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Reference: Park S, et al. (2011) Structural defects in the regulatory particle-core particle interface of the proteasome induce a novel proteasome stress response. J Biol Chem 286(42):36652-66

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Abstract


Proteasomes consist of a 19-subunit regulatory particle (RP) and 28-subunit core particle (CP), an a(7)?(7)?(7)a(7) structure. The RP recognizes substrates and translocates them into the CP for degradation. At the RP-CP interface, a heterohexameric Rpt ring joins to a heteroheptameric CP a ring. Rpt C termini insert individually into the a ring pockets to form a salt bridge with a pocket lysine residue. We report that substitutions of a pocket lysine residues produce an unexpected block to CP assembly, arising from a late stage defect in ? ring assembly. Substitutions a5(K66A) and a6(K62A) resulted in abundant incorporation of immature CP ? subunits, associated with a complete ? ring, into proteasome holoenzymes. Incorporation of immature CP into the proteasome depended on a proteasome-associated protein, Ecm29. Using ump1 mutants, we identified Ecm29 as a potent negative regulator of RP assembly and confirmed our previous findings that proper RP assembly requires the CP. Ecm29 was enriched on proteasomes of pocket lysine mutants, as well as those of rpt4-?1 and rpt6-?1 mutants, in which the C-terminal residue, thought to contact the pocket lysine, is deleted. In both rpt6-?1 and a6(K62A) proteasomes, Ecm29 suppressed opening of the CP substrate translocation channel, which is gated through interactions between Rpt C termini and the a pockets. The ubiquitin ligase Hul5 was recruited to these proteasomes together with Ecm29. Proteasome remodeling through the addition of Ecm29 and Hul5 suggests a new layer of the proteasome stress response and may be a common response to structurally aberrant proteasomes or deficient proteasome function.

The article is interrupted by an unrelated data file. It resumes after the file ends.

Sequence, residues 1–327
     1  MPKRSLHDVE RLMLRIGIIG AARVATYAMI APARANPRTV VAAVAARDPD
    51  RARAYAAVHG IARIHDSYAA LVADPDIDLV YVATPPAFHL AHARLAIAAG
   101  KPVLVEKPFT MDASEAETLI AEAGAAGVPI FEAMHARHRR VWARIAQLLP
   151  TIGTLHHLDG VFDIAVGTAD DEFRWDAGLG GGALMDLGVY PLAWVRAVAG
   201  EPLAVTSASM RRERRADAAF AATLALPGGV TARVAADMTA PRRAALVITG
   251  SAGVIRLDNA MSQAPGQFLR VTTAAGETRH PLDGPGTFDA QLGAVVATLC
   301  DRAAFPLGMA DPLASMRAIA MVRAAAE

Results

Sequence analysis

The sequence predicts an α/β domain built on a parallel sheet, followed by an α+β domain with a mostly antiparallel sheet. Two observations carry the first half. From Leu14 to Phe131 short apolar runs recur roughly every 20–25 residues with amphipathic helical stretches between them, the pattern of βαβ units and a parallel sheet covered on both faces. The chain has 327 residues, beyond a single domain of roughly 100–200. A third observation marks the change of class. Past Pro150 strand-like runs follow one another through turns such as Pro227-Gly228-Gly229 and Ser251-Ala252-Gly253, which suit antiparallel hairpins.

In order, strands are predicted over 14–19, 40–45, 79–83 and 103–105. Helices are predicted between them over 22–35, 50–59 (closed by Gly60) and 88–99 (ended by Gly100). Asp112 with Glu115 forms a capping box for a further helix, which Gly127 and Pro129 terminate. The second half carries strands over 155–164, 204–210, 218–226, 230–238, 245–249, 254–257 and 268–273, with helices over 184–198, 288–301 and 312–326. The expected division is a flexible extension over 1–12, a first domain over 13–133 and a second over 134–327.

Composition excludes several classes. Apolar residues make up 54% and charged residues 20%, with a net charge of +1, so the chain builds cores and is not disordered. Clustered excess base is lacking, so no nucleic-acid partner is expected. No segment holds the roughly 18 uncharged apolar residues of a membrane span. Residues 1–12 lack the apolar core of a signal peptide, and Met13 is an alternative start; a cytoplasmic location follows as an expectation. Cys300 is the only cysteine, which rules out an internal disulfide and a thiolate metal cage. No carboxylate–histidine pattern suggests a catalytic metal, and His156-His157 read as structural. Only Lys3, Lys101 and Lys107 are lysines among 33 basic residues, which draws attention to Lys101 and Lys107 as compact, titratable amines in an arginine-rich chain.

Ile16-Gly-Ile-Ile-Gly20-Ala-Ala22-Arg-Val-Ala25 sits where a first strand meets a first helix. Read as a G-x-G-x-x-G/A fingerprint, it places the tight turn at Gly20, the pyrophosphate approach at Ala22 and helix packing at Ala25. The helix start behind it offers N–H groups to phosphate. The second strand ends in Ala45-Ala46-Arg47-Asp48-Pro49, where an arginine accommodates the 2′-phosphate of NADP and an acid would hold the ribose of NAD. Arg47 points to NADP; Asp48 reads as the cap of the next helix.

Reference Type
Journal Article | Research Support, Non-U.S. Gov't | Research Support, N.I.H., Extramural
Authors
Park S, Kim W, Tian G, Gygi SP, Finley D
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